Archival Meaning


Volpe, Andrea L., ‘Archival Meaning: Materiality, Digitization, and the Nineteenth-century Photograph’ AfterImage, 36 no.6 May/June 2009. 11-14


By focusing on the photograph as object and the terms on which digitization is changing access to photographs as archival objects, these exhibits prompt a rethinking of the history of nineteenth-century photography as a history of what is collected and what is seen, what is stored and what is forgotten.

[Volpe discusses the method in which archived photographs are displayed in ‘A Good Type’, revealing the construction of the archive]


The exhibit exposes the slippages between stereotype and typology, and the mobility of such visual rhetorics as artful images trades in stereotypes that slide into fact.


Storage is what transforms photographs from souvenir to science and remakes the terms by which wthey produce knowledge.

By emphasizing the materiality of the photograph, the exhibit’s approach restores knowledge to these images and highlights its discursive contingency; the photograph as object is safe-guarded and stored by the archive but its meaning is not fully contained by it.

[On “Fragile Memories” exhibition] what is so fascinating about the dynamics that digital technology is showing us about photographic history is that memory and meaning are not fixed. It is not, perhaps, even that fragile, given the protections of the archive or the stories the photographs still have to tell. What is surprising is the complexity of photographic memory, where a photograph can reveal multiple histories, and where the ability of the nineteenth century photographic object to prompt forgetting or remembering is shaped by the technology itself.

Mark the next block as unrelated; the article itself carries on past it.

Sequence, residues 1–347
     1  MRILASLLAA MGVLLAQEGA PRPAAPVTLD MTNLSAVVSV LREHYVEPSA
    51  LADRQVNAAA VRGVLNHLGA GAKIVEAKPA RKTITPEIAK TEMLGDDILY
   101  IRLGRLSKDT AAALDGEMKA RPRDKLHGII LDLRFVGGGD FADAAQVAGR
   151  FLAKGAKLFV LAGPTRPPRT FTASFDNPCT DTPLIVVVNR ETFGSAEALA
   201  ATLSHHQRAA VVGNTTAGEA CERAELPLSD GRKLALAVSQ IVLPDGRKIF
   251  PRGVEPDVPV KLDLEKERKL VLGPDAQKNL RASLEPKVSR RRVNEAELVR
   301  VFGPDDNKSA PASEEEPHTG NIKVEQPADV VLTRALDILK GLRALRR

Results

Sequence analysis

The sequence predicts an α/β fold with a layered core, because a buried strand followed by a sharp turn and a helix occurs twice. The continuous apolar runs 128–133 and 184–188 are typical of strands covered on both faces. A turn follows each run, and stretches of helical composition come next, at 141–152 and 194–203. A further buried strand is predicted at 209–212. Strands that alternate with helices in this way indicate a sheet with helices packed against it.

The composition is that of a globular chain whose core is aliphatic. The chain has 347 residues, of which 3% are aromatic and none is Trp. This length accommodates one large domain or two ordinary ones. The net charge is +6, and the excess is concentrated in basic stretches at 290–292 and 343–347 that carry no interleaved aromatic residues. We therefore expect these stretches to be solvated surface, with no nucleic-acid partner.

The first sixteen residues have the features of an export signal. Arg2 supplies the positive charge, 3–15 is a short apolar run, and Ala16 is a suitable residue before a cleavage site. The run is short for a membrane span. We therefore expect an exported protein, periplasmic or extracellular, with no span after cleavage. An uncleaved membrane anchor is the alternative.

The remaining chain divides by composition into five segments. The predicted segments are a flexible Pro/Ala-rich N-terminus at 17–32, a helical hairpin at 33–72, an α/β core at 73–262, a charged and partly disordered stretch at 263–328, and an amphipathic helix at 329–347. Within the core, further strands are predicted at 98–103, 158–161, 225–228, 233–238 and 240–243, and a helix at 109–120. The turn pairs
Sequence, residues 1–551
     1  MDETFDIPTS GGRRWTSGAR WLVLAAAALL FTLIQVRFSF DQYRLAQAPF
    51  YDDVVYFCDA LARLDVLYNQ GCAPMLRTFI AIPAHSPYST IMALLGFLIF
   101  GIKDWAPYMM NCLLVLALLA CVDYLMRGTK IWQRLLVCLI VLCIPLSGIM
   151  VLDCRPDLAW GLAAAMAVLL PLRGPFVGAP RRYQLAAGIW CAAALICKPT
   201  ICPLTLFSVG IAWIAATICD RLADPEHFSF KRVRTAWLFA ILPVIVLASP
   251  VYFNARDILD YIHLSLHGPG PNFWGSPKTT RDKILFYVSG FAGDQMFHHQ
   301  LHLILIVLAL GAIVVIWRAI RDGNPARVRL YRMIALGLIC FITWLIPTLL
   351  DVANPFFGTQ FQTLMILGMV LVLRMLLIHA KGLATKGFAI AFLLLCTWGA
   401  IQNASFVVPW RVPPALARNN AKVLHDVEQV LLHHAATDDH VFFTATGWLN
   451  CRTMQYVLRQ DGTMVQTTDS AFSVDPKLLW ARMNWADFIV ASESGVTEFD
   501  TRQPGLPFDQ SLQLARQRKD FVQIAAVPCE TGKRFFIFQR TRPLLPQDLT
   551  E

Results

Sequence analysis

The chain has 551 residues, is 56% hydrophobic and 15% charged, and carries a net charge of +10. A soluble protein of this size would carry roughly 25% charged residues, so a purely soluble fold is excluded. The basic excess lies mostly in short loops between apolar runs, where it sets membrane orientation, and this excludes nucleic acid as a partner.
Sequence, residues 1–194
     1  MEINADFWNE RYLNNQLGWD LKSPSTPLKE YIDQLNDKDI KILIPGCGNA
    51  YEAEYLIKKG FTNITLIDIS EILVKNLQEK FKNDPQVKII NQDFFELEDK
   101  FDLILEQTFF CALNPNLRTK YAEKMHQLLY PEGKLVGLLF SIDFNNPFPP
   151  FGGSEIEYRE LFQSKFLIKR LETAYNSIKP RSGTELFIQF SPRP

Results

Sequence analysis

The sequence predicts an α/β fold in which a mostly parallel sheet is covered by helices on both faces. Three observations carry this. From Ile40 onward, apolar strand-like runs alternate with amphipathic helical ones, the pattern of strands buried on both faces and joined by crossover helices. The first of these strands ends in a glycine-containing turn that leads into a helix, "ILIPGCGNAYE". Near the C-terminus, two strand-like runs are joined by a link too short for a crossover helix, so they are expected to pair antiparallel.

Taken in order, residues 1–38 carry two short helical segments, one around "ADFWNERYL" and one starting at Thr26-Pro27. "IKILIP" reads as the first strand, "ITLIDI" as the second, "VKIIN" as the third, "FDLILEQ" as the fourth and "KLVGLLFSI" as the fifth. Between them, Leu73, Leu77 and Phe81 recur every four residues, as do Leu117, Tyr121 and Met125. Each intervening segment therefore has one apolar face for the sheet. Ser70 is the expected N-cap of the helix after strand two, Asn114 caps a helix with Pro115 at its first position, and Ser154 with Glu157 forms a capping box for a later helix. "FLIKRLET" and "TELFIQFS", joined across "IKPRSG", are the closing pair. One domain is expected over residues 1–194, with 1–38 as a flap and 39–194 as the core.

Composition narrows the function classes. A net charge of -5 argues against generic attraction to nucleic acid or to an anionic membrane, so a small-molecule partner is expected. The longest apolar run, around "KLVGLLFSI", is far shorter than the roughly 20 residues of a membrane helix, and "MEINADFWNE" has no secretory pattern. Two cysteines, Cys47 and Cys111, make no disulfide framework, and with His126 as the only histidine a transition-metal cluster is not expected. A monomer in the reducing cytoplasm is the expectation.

[On restoration of an archeological structure due to knowledge gained through digitization of a glass plate negative] The photograph itself is responsible for this possibility, but with an intriguing dynamic: digitization is restoring to photography its documentary, evidentiary quality, even as it translates emulsion to binary code, changing the materiality of the image but restoring its referent with greater detail than ever before.

The scanning project and its re-narration of events underscores the fragility of photographic meaning, not because of the archival vulnerability of glass plate negatives, but because of the contingency of historical narratives photographs are called upon to illustrate.


As image it is easy to see digital as preserving photography’s conventional ability, as Barthes put it to “reproduce to infinity [what] has occurred only once”.

Digitization changes the meaning of the photographic plate, which now becomes an index with an aura; digital both restores the reproducability of the photograph and redefines the plate as an original. the glass plate negative becomes a referent for a digital code whose only witness to that has been refers back to the glass plate.

The wide-scale digitization projects in museums and libraries are definitely democratizing access to the nineteenth century photograph […] But is what we are seeing still a photograph?

Theres a new awareness of photograph as object, as technology shifts so profoundly, and digital, by its transformation of that object may very well allow the archives to remember what is otherwise easy for them to forget.


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